The Milk Composition Database includes profiles for more than 2,000 compounds found in cow’s milk
By Diego Flammini
Alberta researchers have developed a new online resource to help people understand what’s exactly in a glass of milk.
Burim Ametaj, a professor of agricultural life and environment science at the University of Alberta (U of A), and David Wishart, a U of A biologist, have released the Milk Composition Database after about five years of work.
The online encyclopedia consists of detailed profiles for more than 2,350 compounds found in skim, 1 per cent, 2 per cent and 3.25 per cent cow’s milk. The resource also includes works from about 150 journals and new U of A research.
This database provides all the information one would need to know about milk, Amteaj said.
“If you want to know how much cholesterol is in milk, you will find it,” he told the Star Edmonton on July 2. “Or if you want to know how much vitamin A is in milk, you will find it.”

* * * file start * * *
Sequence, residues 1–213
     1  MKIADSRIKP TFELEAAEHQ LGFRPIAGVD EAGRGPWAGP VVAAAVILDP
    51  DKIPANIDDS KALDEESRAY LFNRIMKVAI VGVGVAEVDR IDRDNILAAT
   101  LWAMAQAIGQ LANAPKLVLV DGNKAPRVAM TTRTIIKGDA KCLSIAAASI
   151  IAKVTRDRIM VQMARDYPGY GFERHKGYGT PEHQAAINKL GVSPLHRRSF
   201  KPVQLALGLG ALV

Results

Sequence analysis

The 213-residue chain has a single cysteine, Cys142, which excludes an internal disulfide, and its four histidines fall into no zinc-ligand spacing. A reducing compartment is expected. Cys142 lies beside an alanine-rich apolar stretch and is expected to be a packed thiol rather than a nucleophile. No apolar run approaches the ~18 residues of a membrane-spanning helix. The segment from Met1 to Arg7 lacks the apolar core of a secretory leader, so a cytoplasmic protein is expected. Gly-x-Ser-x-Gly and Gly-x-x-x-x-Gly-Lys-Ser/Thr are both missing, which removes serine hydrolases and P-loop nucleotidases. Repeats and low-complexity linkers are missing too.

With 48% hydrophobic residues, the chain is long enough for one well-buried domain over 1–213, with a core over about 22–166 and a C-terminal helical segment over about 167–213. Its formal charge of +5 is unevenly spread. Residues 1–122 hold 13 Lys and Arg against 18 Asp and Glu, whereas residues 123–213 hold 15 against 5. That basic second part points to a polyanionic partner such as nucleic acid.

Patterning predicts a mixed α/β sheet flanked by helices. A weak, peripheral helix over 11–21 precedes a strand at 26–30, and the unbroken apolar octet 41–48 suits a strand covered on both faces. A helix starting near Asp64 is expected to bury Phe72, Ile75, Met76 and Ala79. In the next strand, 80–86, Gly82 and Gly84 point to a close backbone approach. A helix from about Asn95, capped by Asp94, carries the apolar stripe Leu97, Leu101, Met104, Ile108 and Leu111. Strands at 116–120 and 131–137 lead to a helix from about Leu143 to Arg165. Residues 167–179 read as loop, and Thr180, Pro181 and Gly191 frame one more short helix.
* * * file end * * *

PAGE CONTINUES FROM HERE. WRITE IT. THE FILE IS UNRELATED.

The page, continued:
Dairy farmers and veterinarians could also consult the online database for clues about cow illnesses.
“We examine milk for diagnosis of diseases like mastitis in dairy cows, and the database provides a way to compare samples from sick cows with the profile of healthy milk,” Ametaj said in a July 2 statement.
The resource could be used by consumers, nutritionists and other food professionals to modify dairy intake to meet specific needs.
“When you remove fat from milk, you’re taking away vitamins A, D, E, K and even vitamin C, so that can be important for tailoring nutritional counselling,” Wishart said in the statement.
Cow’s milk appears to be just the beginning for the researchers.
They hope to create similar encyclopedias for goat’s milk and sheep’s milk as well as wine, beer and marijuana.
Farms.com has reached out to Alberta Milk for comment on this new tool.